Surely, it is not so much the death of Jesus that is redemptive, but his presence. Jesus often spoke of his presence. He said such things as “I am with you always”; “Do not be afraid, I am with you”.
The emphasis on the physical violence of the Passion and the death of Jesus causes me to reconsider traditional assumptions about soteriology, which is the saving power of Christ’s passion and death.
The death of Jesus challenges us to think very carefully on the assumptions that can be contained in the idea that God sent His Son to suffer or that he sent His Son to the cross to make up for the insult that our sins show to the majesty of God. Does this not suggest a vindictive God? It flies in the face of all Jesus shows of his relationship with the one he called “Abba” and his behaviour, particularly to people who were broken or had failed.
Jesus is true to his word right up to the final moments on the cross on Calvary. He stayed true to his word. His presence does not waver. But his disciples were not true to their word. Jesus stood and remained present. They were absent. They turned and walked, or rather, ran away. They distanced themselves from their faithful friend.
Jesus has said by his words and actions that God has a special love for people who are crushed by life and pushed to the edges into a shadow existence. He touches the untouchable leper; He lifts up the little girl as his touch brought life coursing again into her body; He invites himself to dine in the home of the hated tax-collector Zacchaeus; From his bent-down position, he ‘looked up’ at the woman accused of adultery and sent her, free and forgiven, into the rest of her life.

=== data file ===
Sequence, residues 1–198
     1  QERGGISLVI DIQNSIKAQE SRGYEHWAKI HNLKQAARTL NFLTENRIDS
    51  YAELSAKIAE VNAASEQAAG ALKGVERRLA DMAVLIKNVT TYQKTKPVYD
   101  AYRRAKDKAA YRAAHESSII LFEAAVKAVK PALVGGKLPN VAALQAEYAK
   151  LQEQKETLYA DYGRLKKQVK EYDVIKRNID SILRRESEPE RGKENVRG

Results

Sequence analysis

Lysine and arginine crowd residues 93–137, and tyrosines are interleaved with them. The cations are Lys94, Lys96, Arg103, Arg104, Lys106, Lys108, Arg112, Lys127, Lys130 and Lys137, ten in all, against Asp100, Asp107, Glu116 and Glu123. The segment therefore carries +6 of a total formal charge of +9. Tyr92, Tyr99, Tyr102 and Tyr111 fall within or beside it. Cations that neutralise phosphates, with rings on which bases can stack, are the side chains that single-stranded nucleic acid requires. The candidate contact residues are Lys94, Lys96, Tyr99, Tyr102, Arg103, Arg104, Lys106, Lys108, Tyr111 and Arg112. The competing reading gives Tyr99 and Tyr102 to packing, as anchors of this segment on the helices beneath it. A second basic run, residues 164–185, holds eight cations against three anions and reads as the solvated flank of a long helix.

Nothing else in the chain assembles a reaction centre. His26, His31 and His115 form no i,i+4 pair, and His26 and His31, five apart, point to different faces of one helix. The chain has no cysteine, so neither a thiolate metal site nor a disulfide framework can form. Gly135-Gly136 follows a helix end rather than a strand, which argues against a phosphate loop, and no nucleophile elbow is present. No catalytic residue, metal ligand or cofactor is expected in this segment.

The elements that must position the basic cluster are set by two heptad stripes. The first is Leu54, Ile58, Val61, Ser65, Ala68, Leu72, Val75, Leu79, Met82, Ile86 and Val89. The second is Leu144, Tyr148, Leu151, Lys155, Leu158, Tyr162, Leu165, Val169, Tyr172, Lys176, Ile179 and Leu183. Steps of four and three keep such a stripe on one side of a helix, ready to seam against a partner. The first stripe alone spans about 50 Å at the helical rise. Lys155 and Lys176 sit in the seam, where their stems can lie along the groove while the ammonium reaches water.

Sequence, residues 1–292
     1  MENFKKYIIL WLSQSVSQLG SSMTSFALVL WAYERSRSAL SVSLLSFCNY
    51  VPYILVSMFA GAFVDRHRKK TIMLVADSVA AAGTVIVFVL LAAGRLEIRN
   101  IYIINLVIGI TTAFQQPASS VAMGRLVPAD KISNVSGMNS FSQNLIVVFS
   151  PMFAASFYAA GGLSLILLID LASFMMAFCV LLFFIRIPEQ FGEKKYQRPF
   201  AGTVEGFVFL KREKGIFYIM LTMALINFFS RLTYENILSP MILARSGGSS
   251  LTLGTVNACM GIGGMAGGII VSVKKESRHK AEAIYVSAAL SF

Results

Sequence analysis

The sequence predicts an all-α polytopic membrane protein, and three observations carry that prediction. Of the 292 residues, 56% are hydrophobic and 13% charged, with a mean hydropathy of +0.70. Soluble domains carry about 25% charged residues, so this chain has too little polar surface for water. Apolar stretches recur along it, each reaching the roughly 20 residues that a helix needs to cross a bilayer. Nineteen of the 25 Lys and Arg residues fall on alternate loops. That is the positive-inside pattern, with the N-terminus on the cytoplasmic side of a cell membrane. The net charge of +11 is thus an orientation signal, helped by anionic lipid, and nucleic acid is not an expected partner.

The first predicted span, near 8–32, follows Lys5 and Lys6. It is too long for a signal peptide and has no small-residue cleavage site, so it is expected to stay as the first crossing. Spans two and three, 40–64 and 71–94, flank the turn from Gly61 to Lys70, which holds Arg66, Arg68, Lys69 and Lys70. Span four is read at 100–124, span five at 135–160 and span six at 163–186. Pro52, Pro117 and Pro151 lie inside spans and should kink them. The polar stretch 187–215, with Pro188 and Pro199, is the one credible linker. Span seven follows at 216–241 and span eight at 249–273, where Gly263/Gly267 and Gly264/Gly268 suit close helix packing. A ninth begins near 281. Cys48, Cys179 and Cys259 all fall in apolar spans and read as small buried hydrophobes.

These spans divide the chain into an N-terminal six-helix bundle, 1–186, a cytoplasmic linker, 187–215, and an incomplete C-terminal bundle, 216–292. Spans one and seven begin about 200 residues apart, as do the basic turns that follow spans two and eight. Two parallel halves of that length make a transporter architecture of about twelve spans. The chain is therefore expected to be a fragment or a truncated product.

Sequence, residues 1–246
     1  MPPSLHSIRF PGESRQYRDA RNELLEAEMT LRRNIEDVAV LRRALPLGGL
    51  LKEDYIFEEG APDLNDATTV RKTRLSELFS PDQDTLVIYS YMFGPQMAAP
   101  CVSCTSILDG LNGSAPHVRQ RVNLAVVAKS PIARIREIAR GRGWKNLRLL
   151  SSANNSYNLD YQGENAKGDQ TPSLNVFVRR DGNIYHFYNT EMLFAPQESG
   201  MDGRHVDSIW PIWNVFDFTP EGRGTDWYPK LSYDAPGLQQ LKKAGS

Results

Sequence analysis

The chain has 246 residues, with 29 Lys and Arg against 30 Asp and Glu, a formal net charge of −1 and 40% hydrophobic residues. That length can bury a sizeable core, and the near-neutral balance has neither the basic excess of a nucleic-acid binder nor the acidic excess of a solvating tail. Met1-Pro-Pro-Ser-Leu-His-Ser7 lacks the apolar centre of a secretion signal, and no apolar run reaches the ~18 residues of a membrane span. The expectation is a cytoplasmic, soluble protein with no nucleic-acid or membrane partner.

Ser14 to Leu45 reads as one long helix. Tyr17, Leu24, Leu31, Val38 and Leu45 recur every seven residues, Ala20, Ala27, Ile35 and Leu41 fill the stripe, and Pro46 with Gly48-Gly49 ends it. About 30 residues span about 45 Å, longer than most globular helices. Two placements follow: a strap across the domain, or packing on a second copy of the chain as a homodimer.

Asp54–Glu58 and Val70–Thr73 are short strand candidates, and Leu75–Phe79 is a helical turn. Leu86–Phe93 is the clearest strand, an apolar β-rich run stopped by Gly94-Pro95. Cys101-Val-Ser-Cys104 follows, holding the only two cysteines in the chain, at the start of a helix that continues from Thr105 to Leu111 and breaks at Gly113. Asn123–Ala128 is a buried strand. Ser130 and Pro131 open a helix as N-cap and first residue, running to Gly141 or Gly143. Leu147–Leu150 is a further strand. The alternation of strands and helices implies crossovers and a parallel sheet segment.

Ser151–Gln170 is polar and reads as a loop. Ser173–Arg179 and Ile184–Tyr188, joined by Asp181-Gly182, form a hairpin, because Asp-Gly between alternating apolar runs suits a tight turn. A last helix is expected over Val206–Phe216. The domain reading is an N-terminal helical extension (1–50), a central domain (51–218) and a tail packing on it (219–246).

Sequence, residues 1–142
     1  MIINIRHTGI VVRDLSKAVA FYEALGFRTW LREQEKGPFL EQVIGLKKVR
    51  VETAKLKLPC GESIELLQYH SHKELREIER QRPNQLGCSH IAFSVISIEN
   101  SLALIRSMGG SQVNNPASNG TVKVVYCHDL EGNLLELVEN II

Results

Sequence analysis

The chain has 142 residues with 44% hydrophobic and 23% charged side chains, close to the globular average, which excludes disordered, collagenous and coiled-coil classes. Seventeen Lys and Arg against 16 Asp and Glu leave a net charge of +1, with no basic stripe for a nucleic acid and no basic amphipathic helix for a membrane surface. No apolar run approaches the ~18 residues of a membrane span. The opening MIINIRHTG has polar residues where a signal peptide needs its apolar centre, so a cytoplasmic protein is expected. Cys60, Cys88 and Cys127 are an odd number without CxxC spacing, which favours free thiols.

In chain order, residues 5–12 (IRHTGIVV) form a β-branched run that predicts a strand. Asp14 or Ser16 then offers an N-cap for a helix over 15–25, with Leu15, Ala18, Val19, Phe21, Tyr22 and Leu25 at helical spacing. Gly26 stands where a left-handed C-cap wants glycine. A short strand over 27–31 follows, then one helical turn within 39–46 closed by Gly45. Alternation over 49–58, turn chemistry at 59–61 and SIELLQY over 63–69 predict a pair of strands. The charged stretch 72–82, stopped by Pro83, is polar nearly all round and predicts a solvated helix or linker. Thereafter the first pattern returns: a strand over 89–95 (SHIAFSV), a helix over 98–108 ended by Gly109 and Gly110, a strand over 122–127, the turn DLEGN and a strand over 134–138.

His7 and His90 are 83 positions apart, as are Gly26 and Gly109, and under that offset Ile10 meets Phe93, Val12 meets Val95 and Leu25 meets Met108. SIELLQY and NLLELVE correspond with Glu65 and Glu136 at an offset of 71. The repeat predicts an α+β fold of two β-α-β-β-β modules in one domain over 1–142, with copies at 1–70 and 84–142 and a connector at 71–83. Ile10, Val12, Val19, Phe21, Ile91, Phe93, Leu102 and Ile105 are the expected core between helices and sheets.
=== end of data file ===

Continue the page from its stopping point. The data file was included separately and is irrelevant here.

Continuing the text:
Calvary shows us, in a remarkable way, how hard it is to practise what we preach. Jesus faces the anger and fear of the people who walk away from him when he says he is the ’bread of life’. He asks his disciples “Will you also go away?” as they struggle with what it means to follow him and to share his vision for changing life for the better.
Life teaches us that it is not always easy to be present. That is perhaps how we come to see the difference between the faithfulness of God and our tendency to run when we are challenged to stand by what we believe.
“Having loved those who were his in the world, He loved them to the end.” He loved us to the limit. Surely this is what needs to be echoed in all our relationships – parents to children, brother to brother, friend to friend, ourselves to strangers and outsiders and those we serve. It applies specially to those times when sickness or unfaithfulness or pain or boredom threaten the promises we have made.
Jesus’ presence of love does not waver even as he sweats the blood of terror; his forgiveness is stronger than rejection and failure; these are the things that “save us”.
Calvary and the Cross are unshakeable reminders that LOVE is stronger than death. As we risk being swamped by life, we need the healing presence of Christ. When we remember this love and this presence, we can put things together again and to see life not only in its pain but in its promise and possibility.
Fr. Kevin Dance CP is the vicar of the St.Brigid’s Retreat, Marrickville. He is very actively involved in ministries locally and at Passionist International where he served as the Executive Director for many years.